Energy Storage: Still Waiting for Markets to Catch Up

A version of this article was published on Greentech Media on January 24, 2019.

By Eric Gimon

Energy storage is surging across America.  The U.S. Energy Storage Monitor Q4 2018 report estimates 338 megawatts (MWs) of installations in 2018, growing to 3.9 gigawatts (GWs) by 2023, much of it “front-of-the-meter” utility-scale projects.

However, this exponential growth has mainly been driven by state mandates and regulatory actions (especially in California) or limited to vertically integrated utilities operating outside of organized power markets, which serve two-thirds of all U.S. electricity consumers.  Despite the value storage can provide the grid, it has not found matching success in wholesale markets.

The reason behind this mismatch is best captured in two words: rules and revenue.  Wholesale market rules are organized around legacy assets, restricting storage from selling all its potential services if owners were able to operate in the most advantageous ways.  These rules in turn limit storage’s wholesale revenue streams.

Last February, recognizing these barriers, the Federal Energy Regulatory Commission (FERC) issued Order 841 to stimulate access to U.S. wholesale markets.  At the end of 2018, FERC-regulated independent system operators (ISO) responded by submitting their implementation plans.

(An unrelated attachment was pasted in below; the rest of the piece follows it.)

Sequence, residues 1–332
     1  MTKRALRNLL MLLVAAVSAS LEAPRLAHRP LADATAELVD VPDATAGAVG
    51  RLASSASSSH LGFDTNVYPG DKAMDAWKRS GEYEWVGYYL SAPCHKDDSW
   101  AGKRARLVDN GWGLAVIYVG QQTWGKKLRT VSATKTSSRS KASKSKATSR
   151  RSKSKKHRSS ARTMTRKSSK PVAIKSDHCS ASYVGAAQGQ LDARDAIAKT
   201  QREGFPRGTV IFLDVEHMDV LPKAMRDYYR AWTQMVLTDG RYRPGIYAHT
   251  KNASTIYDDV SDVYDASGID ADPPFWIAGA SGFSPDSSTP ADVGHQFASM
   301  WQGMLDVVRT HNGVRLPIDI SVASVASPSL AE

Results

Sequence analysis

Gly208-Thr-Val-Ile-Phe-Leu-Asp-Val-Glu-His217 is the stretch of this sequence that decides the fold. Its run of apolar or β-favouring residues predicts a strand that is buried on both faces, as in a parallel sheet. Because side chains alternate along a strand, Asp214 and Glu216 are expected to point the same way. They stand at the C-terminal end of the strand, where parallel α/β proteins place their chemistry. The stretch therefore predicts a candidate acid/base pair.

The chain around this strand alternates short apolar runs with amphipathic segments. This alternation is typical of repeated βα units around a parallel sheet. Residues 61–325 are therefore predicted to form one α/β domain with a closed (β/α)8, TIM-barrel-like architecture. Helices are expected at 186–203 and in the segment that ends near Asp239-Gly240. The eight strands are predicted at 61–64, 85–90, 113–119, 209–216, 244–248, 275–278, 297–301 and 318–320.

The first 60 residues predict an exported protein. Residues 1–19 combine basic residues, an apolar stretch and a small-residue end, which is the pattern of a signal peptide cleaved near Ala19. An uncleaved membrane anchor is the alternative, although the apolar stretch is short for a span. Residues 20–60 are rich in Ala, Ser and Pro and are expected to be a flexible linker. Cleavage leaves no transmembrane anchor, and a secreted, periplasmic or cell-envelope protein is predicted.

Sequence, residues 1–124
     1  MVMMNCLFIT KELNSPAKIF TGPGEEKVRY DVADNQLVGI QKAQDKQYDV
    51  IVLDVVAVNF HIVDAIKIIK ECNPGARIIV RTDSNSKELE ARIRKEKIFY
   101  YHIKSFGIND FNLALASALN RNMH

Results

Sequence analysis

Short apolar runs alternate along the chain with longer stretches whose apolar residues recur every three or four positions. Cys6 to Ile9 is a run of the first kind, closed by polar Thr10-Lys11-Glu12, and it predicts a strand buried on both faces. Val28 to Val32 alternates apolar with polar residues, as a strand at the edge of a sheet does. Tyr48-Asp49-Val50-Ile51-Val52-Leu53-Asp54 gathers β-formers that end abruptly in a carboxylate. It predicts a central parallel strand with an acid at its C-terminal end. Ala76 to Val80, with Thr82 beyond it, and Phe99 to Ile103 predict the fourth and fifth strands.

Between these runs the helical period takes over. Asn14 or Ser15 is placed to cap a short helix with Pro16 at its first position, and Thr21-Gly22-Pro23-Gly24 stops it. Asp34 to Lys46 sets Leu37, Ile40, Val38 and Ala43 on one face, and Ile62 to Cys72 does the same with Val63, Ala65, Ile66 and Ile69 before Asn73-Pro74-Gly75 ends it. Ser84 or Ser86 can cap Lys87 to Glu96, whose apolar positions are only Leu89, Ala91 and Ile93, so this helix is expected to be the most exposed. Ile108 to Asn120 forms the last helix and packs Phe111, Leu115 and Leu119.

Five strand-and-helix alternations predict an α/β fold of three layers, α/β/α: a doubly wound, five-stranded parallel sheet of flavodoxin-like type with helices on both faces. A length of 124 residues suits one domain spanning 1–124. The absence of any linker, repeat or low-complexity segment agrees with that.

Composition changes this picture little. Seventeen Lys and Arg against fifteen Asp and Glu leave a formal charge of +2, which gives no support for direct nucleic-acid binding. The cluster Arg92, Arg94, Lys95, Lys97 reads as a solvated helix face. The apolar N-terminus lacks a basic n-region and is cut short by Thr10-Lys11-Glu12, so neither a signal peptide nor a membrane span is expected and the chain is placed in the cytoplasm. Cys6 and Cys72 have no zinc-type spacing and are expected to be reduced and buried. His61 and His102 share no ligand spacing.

The Energy Storage Association (ESA) provided a helpful overview of these proposals (see chart), and further filtering comments by affects upon possible revenue streams for storage provides additional insight.


Source: Estimation by Customized Energy Solutions, Ltd.
*Topic letters and numbers correspond to layout of Order 841
**Green: Likely compliant; Yellow: Potentially non-compliant; Red: Non-compliant

Storage can generate revenue in America’s organized power markets three ways: platforms, products, and pay-days.  Because different projects tap these potential revenue streams in different ways, implementation plans for Order 841 will affect them quite differently, so let’s follow this taxonomy.

Platforms: The Best Laid Plans…

ISOs conduct planning processes that identify opportunities for new transmission to improve reliability or market efficiency, and storage is increasingly being considered as a reliability asset as a lower-cost, non-transmission alternative to boost reliability.